KFC lost part of its market share in the recent years in China, but their success in the Chinese market is legendary.
KFC entered the Chinese market in 1987, and it’s now the largest restaurant chain in the country, with a total of 4,563 restaurants. KFC controls as much as 40 percent of the Chinese market share, while McDonalds, far and away the most popular fast food restaurant in America, controls only 16 percent. There are four critical success factors.
#1 JUST IN TIME
KFC was a market leader of North American fast food brand to enter the market in 1987. Because they were so new, they stood out. Many customers at the Beijing flagship restaurant “spent hours talking to each other and gazing out the huge glass window that overlooks a busy commercial street—thereby demonstrating their sophistication to the people who passed by.”
When they began, the food wasn’t the reason Chinese went to KFC. KFC was new, novel, and modern. Top-notch customer service and clean environment (which was rare for mid-priced restaurants back then) lured them in.
Political and sociological underpinnings were also critical to KFC’s success.
Let me give you a condensed history of China’s recent economic reforms.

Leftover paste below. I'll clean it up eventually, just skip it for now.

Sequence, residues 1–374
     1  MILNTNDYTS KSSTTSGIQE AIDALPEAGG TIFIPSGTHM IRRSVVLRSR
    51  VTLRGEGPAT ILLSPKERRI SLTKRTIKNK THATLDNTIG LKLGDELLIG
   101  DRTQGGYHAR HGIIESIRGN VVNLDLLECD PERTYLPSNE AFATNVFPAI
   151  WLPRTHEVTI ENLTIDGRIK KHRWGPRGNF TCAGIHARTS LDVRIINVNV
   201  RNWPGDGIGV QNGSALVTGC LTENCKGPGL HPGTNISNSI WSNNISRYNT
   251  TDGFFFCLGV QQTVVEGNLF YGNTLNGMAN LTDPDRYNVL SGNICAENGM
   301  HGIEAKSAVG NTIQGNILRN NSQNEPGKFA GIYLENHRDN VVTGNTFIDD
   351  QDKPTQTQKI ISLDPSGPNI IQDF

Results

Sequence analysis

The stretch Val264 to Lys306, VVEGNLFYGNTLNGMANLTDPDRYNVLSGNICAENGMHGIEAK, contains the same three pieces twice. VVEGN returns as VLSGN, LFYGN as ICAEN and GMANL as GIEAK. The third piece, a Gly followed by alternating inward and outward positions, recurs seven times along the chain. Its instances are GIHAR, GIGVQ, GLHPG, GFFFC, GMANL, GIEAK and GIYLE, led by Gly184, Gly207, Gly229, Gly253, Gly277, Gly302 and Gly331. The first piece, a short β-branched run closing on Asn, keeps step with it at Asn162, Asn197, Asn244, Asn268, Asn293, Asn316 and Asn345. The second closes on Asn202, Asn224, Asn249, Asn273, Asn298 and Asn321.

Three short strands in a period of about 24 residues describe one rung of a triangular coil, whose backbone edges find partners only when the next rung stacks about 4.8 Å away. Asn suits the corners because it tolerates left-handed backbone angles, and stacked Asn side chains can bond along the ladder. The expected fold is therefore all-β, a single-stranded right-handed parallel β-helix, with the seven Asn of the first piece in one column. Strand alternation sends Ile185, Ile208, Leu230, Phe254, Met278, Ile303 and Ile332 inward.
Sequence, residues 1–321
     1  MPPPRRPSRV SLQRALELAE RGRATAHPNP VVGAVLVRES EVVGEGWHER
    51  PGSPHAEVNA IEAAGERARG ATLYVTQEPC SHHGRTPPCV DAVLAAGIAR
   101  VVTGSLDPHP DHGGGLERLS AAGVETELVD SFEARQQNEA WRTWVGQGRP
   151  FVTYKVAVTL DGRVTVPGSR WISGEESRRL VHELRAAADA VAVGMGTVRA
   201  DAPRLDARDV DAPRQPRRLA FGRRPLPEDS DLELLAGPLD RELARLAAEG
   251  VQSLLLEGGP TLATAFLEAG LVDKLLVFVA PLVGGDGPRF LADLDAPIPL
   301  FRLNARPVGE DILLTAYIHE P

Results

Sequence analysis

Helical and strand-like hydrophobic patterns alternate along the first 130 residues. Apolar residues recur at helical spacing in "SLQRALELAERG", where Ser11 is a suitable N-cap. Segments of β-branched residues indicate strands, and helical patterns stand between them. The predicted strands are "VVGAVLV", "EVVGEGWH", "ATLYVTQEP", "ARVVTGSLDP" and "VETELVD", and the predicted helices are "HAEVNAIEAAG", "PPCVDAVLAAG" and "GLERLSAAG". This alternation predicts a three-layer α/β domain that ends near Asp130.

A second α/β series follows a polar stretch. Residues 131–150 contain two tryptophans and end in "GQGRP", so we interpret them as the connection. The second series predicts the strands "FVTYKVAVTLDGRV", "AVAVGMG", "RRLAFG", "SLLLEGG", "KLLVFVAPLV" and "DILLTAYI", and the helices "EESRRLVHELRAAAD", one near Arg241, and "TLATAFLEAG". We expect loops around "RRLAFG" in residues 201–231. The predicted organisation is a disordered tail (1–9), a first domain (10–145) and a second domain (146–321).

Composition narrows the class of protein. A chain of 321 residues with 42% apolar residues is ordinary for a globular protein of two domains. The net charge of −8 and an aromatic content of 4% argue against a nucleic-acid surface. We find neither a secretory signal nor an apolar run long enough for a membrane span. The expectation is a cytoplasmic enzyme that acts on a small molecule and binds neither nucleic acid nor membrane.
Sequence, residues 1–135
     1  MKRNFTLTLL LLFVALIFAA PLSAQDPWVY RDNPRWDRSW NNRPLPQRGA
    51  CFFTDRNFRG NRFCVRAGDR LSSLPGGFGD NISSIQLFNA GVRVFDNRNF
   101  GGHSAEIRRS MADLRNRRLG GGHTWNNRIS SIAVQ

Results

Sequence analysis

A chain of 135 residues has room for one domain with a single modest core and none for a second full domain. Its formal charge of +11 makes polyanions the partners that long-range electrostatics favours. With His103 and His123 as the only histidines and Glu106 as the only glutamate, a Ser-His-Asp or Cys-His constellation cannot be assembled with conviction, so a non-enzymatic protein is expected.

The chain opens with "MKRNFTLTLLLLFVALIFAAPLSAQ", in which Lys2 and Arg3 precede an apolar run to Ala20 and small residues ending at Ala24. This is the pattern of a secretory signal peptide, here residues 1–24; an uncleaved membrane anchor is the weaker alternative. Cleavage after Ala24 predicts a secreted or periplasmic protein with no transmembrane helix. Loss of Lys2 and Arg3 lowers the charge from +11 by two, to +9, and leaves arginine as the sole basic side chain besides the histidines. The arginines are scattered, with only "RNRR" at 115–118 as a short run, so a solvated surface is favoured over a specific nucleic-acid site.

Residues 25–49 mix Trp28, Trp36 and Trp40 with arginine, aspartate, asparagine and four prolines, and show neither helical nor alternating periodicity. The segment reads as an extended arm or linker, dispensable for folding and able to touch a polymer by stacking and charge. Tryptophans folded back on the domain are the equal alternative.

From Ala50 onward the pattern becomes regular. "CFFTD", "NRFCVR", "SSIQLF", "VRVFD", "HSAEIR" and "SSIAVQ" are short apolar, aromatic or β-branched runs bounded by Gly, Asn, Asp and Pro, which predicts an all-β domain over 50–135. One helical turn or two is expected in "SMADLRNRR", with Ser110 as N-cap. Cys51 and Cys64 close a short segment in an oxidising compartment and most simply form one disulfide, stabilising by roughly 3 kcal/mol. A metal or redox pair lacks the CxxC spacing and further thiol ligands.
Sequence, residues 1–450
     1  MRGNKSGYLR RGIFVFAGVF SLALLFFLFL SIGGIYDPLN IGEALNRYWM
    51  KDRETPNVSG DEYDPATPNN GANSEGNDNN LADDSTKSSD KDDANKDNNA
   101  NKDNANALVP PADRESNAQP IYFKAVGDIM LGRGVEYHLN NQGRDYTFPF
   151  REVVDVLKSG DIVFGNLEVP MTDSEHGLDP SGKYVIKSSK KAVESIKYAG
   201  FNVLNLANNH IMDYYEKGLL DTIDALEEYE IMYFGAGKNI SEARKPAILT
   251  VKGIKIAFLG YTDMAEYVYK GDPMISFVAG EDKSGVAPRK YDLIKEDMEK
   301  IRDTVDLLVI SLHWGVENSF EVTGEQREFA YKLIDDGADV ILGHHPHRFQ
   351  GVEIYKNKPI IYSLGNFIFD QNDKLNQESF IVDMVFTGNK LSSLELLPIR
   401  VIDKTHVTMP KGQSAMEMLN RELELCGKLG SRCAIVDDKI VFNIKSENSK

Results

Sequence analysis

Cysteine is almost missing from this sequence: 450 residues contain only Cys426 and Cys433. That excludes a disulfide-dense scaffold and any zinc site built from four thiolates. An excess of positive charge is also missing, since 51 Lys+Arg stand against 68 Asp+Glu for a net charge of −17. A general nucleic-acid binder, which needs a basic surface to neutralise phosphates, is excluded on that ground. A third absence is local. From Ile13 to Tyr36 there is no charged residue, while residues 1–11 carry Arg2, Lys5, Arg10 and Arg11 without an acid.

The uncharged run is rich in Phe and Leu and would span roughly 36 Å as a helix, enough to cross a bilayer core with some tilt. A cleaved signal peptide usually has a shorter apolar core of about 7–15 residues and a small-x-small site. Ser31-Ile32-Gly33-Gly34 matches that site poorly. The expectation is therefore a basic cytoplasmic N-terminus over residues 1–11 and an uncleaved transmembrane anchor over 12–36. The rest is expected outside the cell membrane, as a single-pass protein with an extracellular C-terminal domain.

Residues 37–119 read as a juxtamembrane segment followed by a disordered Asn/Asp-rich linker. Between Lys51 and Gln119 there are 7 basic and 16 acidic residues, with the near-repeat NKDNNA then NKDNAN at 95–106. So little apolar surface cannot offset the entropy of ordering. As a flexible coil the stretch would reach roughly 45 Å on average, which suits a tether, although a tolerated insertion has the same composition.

China was a closed economy until late 1978. Government decided to loosen the control of the economy and encouraged Foreign investment, hence opening of Special Economic Zones. Consequently, China’s economy grew 10.2% in the 1980s annually, and by 10% in 1990-2001. To give you a bench mark, US GDP grew by 3.6% in 1992.
People were now richer, which meant consumption patterns were changing. From 1987 to 1992, consumer’s disposable income tripled. This meant higher expenditures in non-staple food items, such as KFC. When KFC arrived in 1987 beside Tiananmen Square, China’s population was looking to the West with anticipation.
Internally, it was also “Just in time” for KFC. The company already had experienced failures in Hong Kong and Taiwan, which meant they were more ready for China. “KFC’s early failure in Hong Kong and Taiwan served as valuable and inexpensive lessons in preparation for its entry into China,” author Liu says.
#2 PERFECT PARTNER IN CRIME
The ‘Taiwan Gang’
Local partners are a common strategy for Multi-national brands when entering a new market. KFC went a step further and created a local team internally. KFC China’s first leadership team were all from Taiwan. Though different in nationality, they share a common language, parts of history with huge overlaps in culture. The leadership team were Western-educated, but “got China” intuitively. Coined as the “Taiwan Gang” by Liu, members of this KFC Chian “gang” knew the industry, the culture, and the global-standard of multi-nationals.
” According to Liu, the Taiwan Gang made and implemented China-appropriate decisions earlier, and more powerfully, than most of their competitors, while being sufficiently globalized to capture that aspect of competitive advantage. The index cites 25 references to McDonalds—Liu clearly thinks the Taiwan Gang may take credit for the whuppin’ KFC applies daily to the Golden Arches in the Middle Kingdom.”